As we celebrate Home Safety Month, we’re looking at how you can adapt your current home to better meet your needs as you get older. This week’s focus is on kitchens, which is a popular renovation area for many homeowners due to its high return on investment and the drastic impact it makes on one living comfortably in their home.
Selecting a Contractor
Talk to a professional with experience in home adaptations for the elderly, preferably with CAPS certification. CAPS contractors/designers are Certified Aging in Place Specialists and can offer guidance on the best renovation options for you within your budget. There are numerous sources available to help teach you what to look for from a contractor and how to work with one such the National Association of Home Builders, Zillow, and Consumer Reports.
Evaluating Your Kitchen
Kitchen trends are shifting away from compartmentalized kitchens with separate dining and living room areas. This allows for easier maneuverability and better flow. Be mindful of your budgetary constraints as you prioritize the changes you want to make. It is recommended that you have an additional 10-20% set-aside in addition to your kitchen budget for any unexpected costs that come up along the way.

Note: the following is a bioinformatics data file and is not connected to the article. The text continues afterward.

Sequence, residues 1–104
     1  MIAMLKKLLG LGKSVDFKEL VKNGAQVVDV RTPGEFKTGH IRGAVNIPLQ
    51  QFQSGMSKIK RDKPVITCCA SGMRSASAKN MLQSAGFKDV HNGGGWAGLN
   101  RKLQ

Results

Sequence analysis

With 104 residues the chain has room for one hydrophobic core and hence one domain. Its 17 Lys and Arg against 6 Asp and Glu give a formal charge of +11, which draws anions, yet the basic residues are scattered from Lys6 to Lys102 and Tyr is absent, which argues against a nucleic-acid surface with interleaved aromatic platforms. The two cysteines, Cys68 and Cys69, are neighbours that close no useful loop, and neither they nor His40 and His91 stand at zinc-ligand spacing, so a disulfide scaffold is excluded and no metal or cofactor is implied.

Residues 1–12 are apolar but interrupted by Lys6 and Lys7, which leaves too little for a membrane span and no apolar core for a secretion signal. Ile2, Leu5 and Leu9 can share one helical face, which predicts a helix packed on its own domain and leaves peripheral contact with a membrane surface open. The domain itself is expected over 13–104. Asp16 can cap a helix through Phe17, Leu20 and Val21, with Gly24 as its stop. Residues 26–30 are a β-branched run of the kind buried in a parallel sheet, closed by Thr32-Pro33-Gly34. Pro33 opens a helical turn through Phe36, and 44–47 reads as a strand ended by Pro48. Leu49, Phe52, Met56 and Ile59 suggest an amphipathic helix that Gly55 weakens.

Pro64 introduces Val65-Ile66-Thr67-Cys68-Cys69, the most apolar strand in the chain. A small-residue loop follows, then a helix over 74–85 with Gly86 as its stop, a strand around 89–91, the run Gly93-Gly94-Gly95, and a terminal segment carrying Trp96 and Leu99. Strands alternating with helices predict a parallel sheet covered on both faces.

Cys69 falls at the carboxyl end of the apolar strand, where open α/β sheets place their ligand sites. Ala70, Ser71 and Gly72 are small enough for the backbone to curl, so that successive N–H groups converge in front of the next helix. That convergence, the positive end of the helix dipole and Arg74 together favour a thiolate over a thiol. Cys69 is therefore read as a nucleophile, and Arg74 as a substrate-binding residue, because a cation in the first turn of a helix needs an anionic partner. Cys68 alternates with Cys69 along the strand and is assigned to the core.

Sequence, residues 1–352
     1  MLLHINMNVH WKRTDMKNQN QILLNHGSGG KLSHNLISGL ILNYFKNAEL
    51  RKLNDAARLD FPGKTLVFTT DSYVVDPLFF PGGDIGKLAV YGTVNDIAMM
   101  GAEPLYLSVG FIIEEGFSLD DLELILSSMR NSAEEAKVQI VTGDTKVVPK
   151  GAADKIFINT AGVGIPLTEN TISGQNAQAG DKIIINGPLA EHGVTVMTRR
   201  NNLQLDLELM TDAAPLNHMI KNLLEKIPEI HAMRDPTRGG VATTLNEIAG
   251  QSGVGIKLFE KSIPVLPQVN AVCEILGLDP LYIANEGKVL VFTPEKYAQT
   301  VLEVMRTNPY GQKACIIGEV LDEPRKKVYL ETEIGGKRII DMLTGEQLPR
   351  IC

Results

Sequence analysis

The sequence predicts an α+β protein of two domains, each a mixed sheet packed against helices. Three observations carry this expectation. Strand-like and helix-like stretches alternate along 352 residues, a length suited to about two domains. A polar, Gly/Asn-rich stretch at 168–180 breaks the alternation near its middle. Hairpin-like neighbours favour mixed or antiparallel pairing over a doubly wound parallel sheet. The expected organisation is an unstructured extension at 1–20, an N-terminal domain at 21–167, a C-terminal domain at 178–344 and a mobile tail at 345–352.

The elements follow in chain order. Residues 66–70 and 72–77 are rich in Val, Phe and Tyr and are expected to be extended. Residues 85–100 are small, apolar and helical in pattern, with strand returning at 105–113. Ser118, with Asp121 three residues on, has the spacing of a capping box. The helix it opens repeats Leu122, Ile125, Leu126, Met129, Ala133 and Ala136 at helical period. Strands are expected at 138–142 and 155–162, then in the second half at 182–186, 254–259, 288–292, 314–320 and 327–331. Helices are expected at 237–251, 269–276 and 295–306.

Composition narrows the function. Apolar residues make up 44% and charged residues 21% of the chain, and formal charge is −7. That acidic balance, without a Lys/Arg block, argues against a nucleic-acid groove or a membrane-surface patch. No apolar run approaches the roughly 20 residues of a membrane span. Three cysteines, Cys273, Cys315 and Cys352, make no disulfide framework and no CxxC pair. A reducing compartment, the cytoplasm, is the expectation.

Look for problem areas, such as difficulty reaching items in certain cabinets, how easily you can use your appliances, how accessible your countertops are, and how much maintenance is required to keep up the surfaces. For example, granite and marble countertops are beautiful, but they are high maintenance in comparison with quartz.
Your Kitchen, Universally Designed
The following list are some of the most recommended modifications for kitchens to make it more accessible for all users. For specs on creating a universally designed kitchen, consult a designer or check for online resources such as this and this.
Features of a kitchen ideal for aging in place include:
- Induction cooktop
- Side-by-side refrigerator
- Accessible appliance locations
- Open or visible shelving
- Roll-out & lazy Susan shelving
- Lever-styled handles
- Varied counter heights
- Antimicrobial surfaces
- Touchless or single-lever faucets
- Adequate light
- Open knee space under countertop for wheelchair access
- Wider doorways & 36″ minimum walkways
- 5 foot turning radius for mobility devices
More examples of kitchens with good design may be found on our Pinterest board, Aging in Place. How have you remodeled your kitchen to help you age in place? How has that helped you?